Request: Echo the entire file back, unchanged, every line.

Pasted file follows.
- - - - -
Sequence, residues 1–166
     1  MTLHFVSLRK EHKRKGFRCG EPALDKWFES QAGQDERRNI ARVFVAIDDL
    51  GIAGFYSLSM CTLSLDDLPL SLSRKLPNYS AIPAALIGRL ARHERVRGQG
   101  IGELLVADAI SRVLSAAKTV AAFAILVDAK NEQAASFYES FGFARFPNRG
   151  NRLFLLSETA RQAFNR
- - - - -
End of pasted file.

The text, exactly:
Sequence, residues 1–166
     1  MTLHFVSLRK EHKRKGFRCG EPALDKWFES QAGQDERRNI ARVFVAIDDL
    51  GIAGFYSLSM CTLSLDDLPL SLSRKLPNYS AIPAALIGRL ARHERVRGQG
   101  IGELLVADAI SRVLSAAKTV AAFAILVDAK NEQAASFYES FGFARFPNRG
   151  NRLFLLSETA RQAFNR